63. Mikoláš M, Svitok M, Tejkal M, Leitão PJ, Morrissey RC, Svoboda M, Seedre M, Fontaine JB (2015) Evaluating forest management intensity on an umbrella species: capercaillie persistence in central Europe. For Ecol Manag 354:26–34CrossRefGoogle Scholar
  64. Moning C, Müller J (2009) Critical forest age thresholds for the diversity of lichens, molluscs and birds in beech (Fagus sylvatica L.) dominated forests. Ecol Ind 9:922–932CrossRefGoogle Scholar
  65. Moss R, Picozzi N, Catt DC (2006) Natal dispersal of capercaillie Tetrao urogallus in northeast Scotland. Wildl Biol 12:227–232CrossRefGoogle Scholar
  66. Paillet Y, Bergès L, Hjältén J, Ódor P, Avon C, Bernhardt-römermann M, Bijlsma RJ, De Bruyn L, Fuhr M, Grandin U, Kanka R, Lundin L, Luque S, Magura T, Matesanz S, Mészáros I, Sebastià MT, Schmidt W, Standovár T, Tóthmérész B, Uotila A, Valladares F, Vellak K, Virtanen R (2010) Compromises in data selection in a meta-analysis of biodiversity in managed and unmanaged forests: response to Halme et al. Conserv Biol 24:1157–1160PubMedCrossRefGoogle Scholar
  67. Pakkala T, Pellikka J, Lindén H (2003) Capercaillie Tetrao urogallus—a good candidate for an umbrella species in taiga forests. Wildl Biol 4:309–316Google Scholar
  68. Pascual-Hortal L, Saura S (2008) Integrating landscape connectivity in broad-scale forest planning through a new graph-based habitat availability methodology: application to capercaillie (Tetrao urogallus) in Catalonia (NE Spain). Eur J For Res 127:23–31CrossRefGoogle Scholar
  69. Pearce J, Ferrier S (2000) Evaluating the predictive performance of habitat models developed using logistic regression. Ecol Model 133:225–245CrossRefGoogle Scholar
  70. Phillips SJ, Anderson RP, Schapire RE (2006) Maximum entropy modelling of species geographic distributions. Ecol Model 190:231–259CrossRefGoogle Scholar
  71. Phillips SJ, Dudik M (2008) Modeling of species distributions with Maxent: new extensions and a comprehensive evaluation. Ecography 31:161–175CrossRefGoogle Scholar
  72. Quevedo M, Bañuelos MJ, Obeso JR (2006) The decline of Cantabrian capercaillie: how much does habitat configuration matter? Biol Conserv 127:190–200CrossRefGoogle Scholar
  73. Riley SJ, Gloria SD, Elliot R (1999) A terrain ruggedness index that quantifies topographic heterogeneity. Int J Sci 5:1–4Google Scholar
  74. Rolstad J, Wegge P (1987) Distribution and size of capercaillie leks in relation to old forest fragmentation. Oecologia 72:389–394CrossRefGoogle Scholar
  75. Rösner S, Mussard-Forster E, Lorenc T, Müller J (2014) Recreation shapes a “landscape of fear” for a threatened forest bird species in Central Europe. Landscape Ecol 29:55–66CrossRefGoogle Scholar
  76. Saniga M (2002) Habitat features of the capercaillie (Tetrao urogallus) leks in the West Carpathians. J For Sci 48:415–424Google Scholar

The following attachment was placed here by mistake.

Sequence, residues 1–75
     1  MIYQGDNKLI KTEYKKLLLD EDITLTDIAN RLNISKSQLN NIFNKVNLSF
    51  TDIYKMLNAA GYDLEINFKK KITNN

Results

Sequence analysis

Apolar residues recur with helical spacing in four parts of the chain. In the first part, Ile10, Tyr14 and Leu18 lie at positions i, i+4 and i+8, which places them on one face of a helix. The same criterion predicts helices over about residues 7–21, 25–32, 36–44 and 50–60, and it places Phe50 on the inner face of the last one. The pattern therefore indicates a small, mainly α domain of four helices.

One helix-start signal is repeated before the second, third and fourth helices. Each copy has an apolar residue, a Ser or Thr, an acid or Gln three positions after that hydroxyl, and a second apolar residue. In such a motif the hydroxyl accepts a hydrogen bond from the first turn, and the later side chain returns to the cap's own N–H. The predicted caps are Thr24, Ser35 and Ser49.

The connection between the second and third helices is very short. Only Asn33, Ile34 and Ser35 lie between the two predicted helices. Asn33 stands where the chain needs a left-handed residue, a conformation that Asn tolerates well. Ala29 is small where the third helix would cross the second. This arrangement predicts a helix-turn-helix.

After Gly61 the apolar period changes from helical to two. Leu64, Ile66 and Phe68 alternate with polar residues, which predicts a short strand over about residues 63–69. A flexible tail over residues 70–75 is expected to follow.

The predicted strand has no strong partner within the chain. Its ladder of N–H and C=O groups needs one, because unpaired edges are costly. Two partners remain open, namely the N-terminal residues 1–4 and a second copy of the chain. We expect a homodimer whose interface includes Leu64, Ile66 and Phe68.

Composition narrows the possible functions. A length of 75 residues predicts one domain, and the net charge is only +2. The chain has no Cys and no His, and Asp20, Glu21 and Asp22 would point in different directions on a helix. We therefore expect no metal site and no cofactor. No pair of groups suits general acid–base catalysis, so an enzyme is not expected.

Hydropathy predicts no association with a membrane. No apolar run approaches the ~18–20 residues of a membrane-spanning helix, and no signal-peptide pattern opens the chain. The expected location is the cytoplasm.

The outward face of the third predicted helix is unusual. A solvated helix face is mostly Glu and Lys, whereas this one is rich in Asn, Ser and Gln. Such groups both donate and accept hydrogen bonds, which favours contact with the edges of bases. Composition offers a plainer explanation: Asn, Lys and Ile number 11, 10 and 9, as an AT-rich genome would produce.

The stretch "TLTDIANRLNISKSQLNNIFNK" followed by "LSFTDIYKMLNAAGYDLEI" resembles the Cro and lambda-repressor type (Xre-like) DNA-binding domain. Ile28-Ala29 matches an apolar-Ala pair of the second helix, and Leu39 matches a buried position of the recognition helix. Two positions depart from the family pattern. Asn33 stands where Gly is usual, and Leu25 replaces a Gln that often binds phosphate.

77. Saniga M (2003) Ecology of the capercaillie (Tetrao urogallus) and forest management in relation to its protection in the West Carpathians. J For Sci 49:229–239Google Scholar
  78. Sappington J, Longshore KM, Thompson DB (2007) Quantifying landscape ruggedness for animal habitat analysis: a case study using bighorn sheep in the Mojave Desert. J Wildl Manag 71:1419–1426CrossRefGoogle Scholar
  79. Saura S, Estreguil C, Mouton C, Rodríguez-Freire M (2011) Network analysis to assess landscape connectivity trends: application to European forests (1990–2000). Ecol Indic 11:407–416CrossRefGoogle Scholar
  80. Saura S, Pascual-Hortal L (2007) A new habitat availability index to integrate connectivity in landscape conservation planning: comparison with existing indices and application to a case study. Landsc Urban Plan 83:91–103CrossRefGoogle Scholar
  81. Saura S, Torné J (2009) Conefor Sensinode 2.2: a software package for quantifying the importance of habitat patches for landscape connectivity. Environ Model Softw 24:135–139CrossRefGoogle Scholar
  82. Segelbacher G, Höglund J, Storch I (2003) From connectivity to isolation: genetic consequences of population fragmentation in capercaillie across Europe. Mol Ecol 12:1773–1780PubMedCrossRefGoogle Scholar
  83. Seibold S, Bässler C, Brandl R, Gossner MM, Thorn S, Ulyshen MD, Müller J (2015) Experimental studies of dead-wood biodiversity—a review identifying global gaps in knowledge. Biol Conserv 191:139–149CrossRefGoogle Scholar
  84. Selva N, Kreft S, Kati V, Schluck M, Jonsson BG, Mihok B, Okarma H, Ibisch PL (2011) Roadless and low-traffic areas as conservation targets in Europe. J Environ Manag 48:865–877CrossRefGoogle Scholar
  85. Simpson M, Prots B (2012) Predicting the distribution of invasive plants in the Ukrainian Carpathians under climatic change and intensification of anthropogenic disturbances: implications for biodiversity conservation. Environ Conserv 40:1–15Google Scholar
  86. Soille P, Vogt P (2008) Morphological segmentation of binary patterns. Pattern Recogn Lett 30:456–459CrossRefGoogle Scholar
  87. Storch I (1993) Habitat selection by capercaillie in summer and autumn: is bilberry important? Oecologia 95:257–265CrossRefGoogle Scholar
  88. Storch I (1995) Habitat requirements of capercaillie. Proc Int Symp Grouse 6:151–154Google Scholar